A secant piled shaft design eliminated temporary works from a stormwater storage project at Bridgwater in Somerset
Construction of one of the UK’s deepest unbraced secant piled wall shafts helped speed up excavation of a new underground stormwater storage tank through challenging ground in Bridgwater Bay, Somerset.
Wessex Water’s Burnham-on-Sea Bathing Water Improvement scheme is a £39M project to upgrade sewerage infrastructure, with the aim of improving water quality for the seaside town of Burnham-on-Sea on the Severn Estuary.
The project will reduce the number of combined sewer overflows discharging wastewater into water courses during storms, by increasing the capacity of the sewerage network to cope with extra flow and to store water. Sewage treatment will also be improved across the network.
Work is being carried out at a dozen sewage pumping stations and treatment works along the mouth of the River Parrett. In the town of Bridgwater, underground storage tanks are being built along with new pipelines to pass more water to treatment. Ultraviolet equipment is also being installed to improve the quality of water being discharged.
In Bridgwater, the Bristol Road sewage pumping station has been replaced with a new pump station containing an integrated 3,000m3 of stormwater storage, reducing the amount of water flowing into the River Parrett during times of intense rainfall.
Wessex Water appointed south Wales-based Lewis Civil Engineering as principal contractor to build the pump station and stormwater overflow tank, under a £6.5M design and build contract.
The pumping station is tightly squeezed between the A38 Bristol Road and the River Parrett, so Lewis Civil Engineering’s consultant Alan Auld Group decided that the safest and most practical design for the tank was as a 26m deep, 15.5m diameter circular secant piled shaft covering a sixth of the site.
Cementation Skanska was chosen to carry out the detailed design and construction of the shaft, under a £1.4M contract.
“The original shaft design included substantial temporary works,” explains Cementation Skanska southern projects director Graeme Mitchell. “Instead, we proposed an alternative design using hoop stress to provide temporary support. This eliminated the need for internal propping, which meant excavation would be faster and construction significantly cheaper.”
Cementation Skanska had previously used the approach to build a 4,500m3 storage tank on the Salford 172 Project in Manchester for United Utilities.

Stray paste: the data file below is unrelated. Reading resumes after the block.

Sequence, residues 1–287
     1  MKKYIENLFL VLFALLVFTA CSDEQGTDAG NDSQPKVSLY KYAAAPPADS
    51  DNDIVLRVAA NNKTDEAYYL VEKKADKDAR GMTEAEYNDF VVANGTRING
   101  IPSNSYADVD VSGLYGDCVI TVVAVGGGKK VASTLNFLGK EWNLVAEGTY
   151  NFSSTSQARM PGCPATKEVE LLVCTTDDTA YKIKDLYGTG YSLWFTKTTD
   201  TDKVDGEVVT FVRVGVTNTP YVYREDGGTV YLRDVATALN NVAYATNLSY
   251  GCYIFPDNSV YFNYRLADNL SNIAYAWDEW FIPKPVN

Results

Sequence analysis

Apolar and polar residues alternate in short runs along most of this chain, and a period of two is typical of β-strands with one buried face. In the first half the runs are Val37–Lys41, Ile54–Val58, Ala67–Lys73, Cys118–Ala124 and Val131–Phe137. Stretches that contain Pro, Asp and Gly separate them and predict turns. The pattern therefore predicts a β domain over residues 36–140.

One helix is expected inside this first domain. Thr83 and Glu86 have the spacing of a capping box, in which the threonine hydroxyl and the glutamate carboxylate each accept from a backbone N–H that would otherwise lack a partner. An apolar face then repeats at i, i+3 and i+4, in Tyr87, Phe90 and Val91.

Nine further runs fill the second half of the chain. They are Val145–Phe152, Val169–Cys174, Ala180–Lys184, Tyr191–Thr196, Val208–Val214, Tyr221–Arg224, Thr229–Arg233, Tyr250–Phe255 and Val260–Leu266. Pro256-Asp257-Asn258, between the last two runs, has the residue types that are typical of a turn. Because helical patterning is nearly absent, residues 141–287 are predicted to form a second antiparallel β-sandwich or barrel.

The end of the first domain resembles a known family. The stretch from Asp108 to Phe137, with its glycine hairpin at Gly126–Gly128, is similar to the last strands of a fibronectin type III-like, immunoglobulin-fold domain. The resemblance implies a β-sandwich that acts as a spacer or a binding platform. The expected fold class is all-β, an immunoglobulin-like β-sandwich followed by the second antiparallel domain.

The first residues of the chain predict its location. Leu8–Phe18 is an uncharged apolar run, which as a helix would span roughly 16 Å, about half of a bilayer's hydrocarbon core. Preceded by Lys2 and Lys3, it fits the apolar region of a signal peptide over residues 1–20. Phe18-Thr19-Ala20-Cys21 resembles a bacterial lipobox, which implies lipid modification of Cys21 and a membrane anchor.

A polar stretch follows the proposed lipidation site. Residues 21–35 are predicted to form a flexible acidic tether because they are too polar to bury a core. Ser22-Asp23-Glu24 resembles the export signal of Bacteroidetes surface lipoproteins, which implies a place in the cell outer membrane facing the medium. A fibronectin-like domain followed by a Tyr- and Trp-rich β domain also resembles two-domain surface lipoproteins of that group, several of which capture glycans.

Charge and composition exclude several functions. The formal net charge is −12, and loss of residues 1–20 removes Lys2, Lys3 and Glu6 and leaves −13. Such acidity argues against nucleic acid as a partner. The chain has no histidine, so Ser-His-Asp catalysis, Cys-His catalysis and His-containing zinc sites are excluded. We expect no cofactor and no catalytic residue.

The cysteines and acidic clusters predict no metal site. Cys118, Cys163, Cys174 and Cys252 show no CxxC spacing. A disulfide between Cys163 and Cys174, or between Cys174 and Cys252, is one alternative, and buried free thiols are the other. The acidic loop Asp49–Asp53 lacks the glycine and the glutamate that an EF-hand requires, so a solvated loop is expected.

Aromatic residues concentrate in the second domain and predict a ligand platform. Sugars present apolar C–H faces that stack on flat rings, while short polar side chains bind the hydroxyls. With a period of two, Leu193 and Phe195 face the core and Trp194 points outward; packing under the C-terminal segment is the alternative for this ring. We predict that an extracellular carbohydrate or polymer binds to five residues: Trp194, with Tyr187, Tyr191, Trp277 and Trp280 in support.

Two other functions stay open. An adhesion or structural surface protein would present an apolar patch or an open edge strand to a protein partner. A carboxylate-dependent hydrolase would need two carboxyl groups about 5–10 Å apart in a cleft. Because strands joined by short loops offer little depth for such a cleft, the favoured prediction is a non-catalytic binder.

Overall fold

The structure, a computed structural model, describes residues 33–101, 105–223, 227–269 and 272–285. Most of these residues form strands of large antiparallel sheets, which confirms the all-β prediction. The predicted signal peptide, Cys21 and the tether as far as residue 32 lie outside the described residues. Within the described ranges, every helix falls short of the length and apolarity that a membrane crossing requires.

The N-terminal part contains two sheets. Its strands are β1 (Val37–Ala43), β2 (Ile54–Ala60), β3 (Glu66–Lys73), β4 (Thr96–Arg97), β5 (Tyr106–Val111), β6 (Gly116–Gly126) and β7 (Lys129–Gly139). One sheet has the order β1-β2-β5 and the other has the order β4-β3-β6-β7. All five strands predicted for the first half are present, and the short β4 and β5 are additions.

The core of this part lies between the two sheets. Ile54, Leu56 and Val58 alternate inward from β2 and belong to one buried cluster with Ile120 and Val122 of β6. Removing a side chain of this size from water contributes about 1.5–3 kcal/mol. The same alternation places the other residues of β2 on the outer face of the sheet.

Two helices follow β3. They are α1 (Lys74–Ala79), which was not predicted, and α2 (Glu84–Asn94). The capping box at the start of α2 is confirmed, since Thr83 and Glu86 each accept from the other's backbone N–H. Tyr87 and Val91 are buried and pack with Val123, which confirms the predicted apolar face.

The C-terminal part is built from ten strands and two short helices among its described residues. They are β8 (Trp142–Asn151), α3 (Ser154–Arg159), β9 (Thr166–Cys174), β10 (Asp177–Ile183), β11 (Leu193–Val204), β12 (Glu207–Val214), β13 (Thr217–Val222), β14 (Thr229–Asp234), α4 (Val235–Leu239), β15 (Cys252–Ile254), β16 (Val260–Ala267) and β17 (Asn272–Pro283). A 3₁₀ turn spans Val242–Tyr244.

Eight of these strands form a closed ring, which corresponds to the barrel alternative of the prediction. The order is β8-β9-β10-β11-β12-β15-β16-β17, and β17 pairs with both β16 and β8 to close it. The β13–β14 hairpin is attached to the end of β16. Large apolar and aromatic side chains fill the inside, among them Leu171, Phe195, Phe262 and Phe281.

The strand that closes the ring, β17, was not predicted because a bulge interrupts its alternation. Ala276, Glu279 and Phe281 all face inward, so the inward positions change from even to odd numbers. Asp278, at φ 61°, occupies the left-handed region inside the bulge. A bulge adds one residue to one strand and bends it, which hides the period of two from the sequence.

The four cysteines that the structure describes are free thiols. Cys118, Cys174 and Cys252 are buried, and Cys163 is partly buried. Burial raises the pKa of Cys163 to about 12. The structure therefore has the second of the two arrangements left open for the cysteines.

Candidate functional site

“Our experience at Salford not only meant we were sure a hoop stress design could be adapted to the ground conditions at Bristol Road, but also gave Wessex Water and Lewis Civil Engineering the confidence it would work,” Mitchell says.
Ground conditions were a challenge, he adds. “Beneath a thin layer of made ground we had to pile through about 26m of estuarine alluvium, principally water-bearing sands, soft clays, with a band of coarse gravel at the base, and into the underlying Mercia Mudstone, which was weathered at the top.”
The River Parrett drains the southern part of the Somerset Levels into the Severn Estuary. As a result, the groundwater level was high and linked with the tidal river, so it was vital to minimise water ingress to the shaft during construction.
The shaft was constructed from 66 interlocking 1.18m diameter hard/hard rotary bored secant piles installed to a depth of 30m and founded in competent Mercia Mudstone. Piles were installed with temporary casing, in an effort to exceed the target design tolerance of 1:200 verticality and 25mm in plan.
“We needed the piles to generate sufficient hoop stress to resist external soil and water loads, which meant ensuring they remained interlocked over 29.5m of their total 30m length.” Mitchell explains.
“Even at the design tolerance, theoretical interlock at the pile toe could be as little as 45mm, so we wanted to achieve better verticality. This also meant we could minimise the amount of water flowing into the shaft during excavation.”
Concrete mix trials were also carried out with a local supplier, to ensure concrete strength gain was fully understood before work began.
After a guide wall was cast, piling was carried out by the firm’s largest rig, a Bauer BG42. Using this machine, along with all of its support equipment, presented logistical challenges for such a small site.
“Getting the rig on site was the first step, as we could not cause any hold-ups on the A38,” Mitchell says. “We then worked with Lewis Civil Engineering to coordinate plant movements meticulously, minimising disruption to local residents and businesses.
Pile installation, including casing placement, was continually monitored using conventional surveying methods as well as self-levelling lasers.
“We developed a bespoke magnetic mounting system that allowed us to fit these to the digging tools, Mitchell explains. “This allowed us to undertake as-built surveys of the pile positions prior to concreting, giving everyone confidence in the integrity of the shaft prior to, and during, excavation.”
Pile integrity and interlock were also checked as excavation progressed. These checks showed that, on average, Cementation achieved better than 1:300 verticality, well in excess of the project’s target tolerances.
Three-dimensional laser scanning was carried out to provide an accurate, as-built, picture of the shaft once the final depth had been reached and a concrete blinding layer cast in the base, 26m down. Lewis Civil Engineering then installed the shaft’s permanent precast concrete lining.
Construction finished this spring and the shaft came on line in May. The Burnham-on-Sea Bathing Water Improvement scheme is due to be finished in 2018.